A report has been produced in parallel with the RoboDebt Royal Commission that proposes that a
more “human-centred” approach will reduce administrative problems.
The Royal Commission has demonstrated all too well how disastrous a human-centred approach,
with behaviour ranging from the noble – risking your job by saying “This is stealing!” – to the ignoble
– smashing a phone to emphasise that you will do as I say.
If we are going to make it human-centred, then we need to understand the limits:
The clients are poor and struggling, and may not be able to understand their responsibilities,
and/or communicate well. It seems that the legislation has been written to allow for this –
The staff may not understand the legislation well, or have even chosen not to read it
(legalese fries some people’s brains – they refuse to even look at it).
The different specialties may understand a limited part, but not other parts. In particular, a lawyer
may function poorly when needing to interact with a systems analyst/programmer, and vice versa.
“best efforts” as a glaring example – it is not defined in the legislation (it is an open-ended
instruction – how could it be), so it does not exist.
What we are suggesting is taking the unconscious mind out of the process.
How does that work?
At the moment, people read the legislation, and unconsciously decide what the words mean, when
some words have many meanings, and some words need to be clumped to have the correct meaning
(“an imaginary flat surface” – the flat surface is the thing that is imaginary).
The alternative is to have a machine read the legislation, and with some help from a small group of
humans, come up with an understanding of it which can function as an authoritative source. Rather
than being locked away in a human brain, it can show the meanings of words and clumps of words in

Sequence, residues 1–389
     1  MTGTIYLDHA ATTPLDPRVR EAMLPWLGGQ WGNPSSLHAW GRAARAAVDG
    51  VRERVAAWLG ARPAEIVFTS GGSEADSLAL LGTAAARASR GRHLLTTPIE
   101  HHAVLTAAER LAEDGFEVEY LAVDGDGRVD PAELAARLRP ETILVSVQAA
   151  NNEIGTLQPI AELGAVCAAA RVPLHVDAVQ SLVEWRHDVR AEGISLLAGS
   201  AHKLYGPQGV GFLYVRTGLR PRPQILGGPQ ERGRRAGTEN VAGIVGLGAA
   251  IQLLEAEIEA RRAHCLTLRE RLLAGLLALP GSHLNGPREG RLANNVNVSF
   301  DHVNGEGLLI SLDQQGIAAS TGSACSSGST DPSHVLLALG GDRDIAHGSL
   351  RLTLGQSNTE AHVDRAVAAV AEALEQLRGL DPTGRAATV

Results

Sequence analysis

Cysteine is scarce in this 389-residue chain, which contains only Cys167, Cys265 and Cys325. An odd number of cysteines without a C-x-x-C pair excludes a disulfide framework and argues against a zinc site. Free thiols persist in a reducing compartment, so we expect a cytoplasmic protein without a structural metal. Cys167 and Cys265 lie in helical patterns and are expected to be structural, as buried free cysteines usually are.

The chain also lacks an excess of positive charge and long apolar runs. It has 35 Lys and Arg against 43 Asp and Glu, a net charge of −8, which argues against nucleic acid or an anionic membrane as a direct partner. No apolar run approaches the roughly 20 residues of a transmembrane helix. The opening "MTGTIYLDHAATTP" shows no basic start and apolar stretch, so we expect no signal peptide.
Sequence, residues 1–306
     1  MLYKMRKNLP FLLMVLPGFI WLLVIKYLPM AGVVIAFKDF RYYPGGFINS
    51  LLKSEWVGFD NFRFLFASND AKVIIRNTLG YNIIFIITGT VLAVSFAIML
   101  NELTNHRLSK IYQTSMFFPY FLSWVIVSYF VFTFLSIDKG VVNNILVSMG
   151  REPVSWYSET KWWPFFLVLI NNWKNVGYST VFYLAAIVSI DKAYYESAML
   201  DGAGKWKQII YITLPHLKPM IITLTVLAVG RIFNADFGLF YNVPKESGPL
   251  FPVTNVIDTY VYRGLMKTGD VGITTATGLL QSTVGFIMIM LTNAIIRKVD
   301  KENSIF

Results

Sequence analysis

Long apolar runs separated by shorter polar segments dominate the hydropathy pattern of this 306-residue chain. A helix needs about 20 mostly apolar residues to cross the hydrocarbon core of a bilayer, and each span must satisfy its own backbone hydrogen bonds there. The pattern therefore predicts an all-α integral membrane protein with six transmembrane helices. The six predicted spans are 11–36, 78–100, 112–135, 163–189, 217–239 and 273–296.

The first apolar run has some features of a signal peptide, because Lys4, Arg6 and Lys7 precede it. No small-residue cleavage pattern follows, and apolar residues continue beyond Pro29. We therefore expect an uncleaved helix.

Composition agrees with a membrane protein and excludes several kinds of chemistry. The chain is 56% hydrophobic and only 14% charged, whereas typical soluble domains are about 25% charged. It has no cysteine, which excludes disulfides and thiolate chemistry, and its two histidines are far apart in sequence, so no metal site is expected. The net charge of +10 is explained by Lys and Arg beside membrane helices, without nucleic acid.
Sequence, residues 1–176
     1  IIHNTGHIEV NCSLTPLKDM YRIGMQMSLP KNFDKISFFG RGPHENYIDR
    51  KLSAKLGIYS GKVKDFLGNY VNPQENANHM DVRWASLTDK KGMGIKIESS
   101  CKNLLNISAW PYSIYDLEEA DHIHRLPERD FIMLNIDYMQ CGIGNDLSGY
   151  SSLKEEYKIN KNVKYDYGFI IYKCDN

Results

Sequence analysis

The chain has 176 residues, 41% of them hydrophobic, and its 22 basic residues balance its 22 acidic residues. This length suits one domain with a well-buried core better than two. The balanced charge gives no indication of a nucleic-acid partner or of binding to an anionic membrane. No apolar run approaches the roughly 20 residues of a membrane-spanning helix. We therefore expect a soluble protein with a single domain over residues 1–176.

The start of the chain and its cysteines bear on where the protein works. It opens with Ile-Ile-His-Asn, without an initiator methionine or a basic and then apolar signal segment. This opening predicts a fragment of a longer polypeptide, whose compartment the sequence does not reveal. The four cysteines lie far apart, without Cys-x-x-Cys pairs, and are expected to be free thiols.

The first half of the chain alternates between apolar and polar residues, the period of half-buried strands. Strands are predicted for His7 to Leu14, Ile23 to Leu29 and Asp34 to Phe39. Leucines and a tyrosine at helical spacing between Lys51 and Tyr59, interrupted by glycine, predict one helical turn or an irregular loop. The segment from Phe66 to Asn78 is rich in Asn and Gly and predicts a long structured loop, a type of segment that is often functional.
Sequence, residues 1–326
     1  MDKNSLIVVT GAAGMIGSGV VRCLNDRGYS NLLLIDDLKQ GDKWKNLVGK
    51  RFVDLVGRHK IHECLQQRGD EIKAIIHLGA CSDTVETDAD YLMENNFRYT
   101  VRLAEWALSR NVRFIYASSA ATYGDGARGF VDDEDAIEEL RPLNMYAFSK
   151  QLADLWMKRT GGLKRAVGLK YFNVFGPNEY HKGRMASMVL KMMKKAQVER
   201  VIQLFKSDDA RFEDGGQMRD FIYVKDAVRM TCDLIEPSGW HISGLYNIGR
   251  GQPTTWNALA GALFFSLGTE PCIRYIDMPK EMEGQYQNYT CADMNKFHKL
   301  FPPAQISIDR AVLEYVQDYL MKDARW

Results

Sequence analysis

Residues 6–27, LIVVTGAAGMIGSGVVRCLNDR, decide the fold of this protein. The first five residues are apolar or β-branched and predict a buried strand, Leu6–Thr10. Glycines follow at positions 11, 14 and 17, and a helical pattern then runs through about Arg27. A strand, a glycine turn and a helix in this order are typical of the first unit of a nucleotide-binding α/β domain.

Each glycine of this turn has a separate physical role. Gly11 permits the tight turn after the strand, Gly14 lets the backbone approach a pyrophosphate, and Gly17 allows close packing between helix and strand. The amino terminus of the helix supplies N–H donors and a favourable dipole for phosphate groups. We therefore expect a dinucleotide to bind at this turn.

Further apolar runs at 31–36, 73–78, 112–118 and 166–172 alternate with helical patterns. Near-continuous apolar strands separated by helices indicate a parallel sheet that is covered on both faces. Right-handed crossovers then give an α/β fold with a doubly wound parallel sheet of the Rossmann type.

a particular context.
Can’t the small group of humans helping it make mistakes?
Indeed they can, and are very likely to, as well as any mistakes in the original legislation. The
difference is that people have a Four Pieces Limit – no more than four pieces of information that
they can keep “live” in their conscious mind. The machine doesn’t have this limit, so it can point out
all the inconsistencies. It can do that because it has turned the words into small pieces of machinery
which interact with each other – exactly the same as happens when a person reads text, just at a
much larger scale – it isn’t troubled by a reference 50 pages back or 500 pages forward, because its
first job is to stitch everything together.
Once the machinery has been built, it can function as a working model – the wheels can be set in
motion. No, it can’t be an operational tool for millions of transactions, but its output can be
compared with the output of a production algorithm and the reason for differences investigated
(which may turn out to be an excruciatingly long journey).
But it still won’t know what “Best efforts” means!
True, but it runs on English, so some text that says “Approach employer first for pay slips” or
whatever process that can be described in English. It can show what should have been done.
Sounds OK – what are the drawbacks?
The introduction of this new means of organisational support – let’s call it Active Structure – will
have to wait for the resolution of many serious managerial inadequacies, as revealed by the
It will require someone with concern for the Department’s clients, and for the staff. Diplomatically
introducing the concept of the Four Pieces Limit is likely to cause great concern. The analogy of using
a truck to carry a heavy load is close, but this is a cognitive load.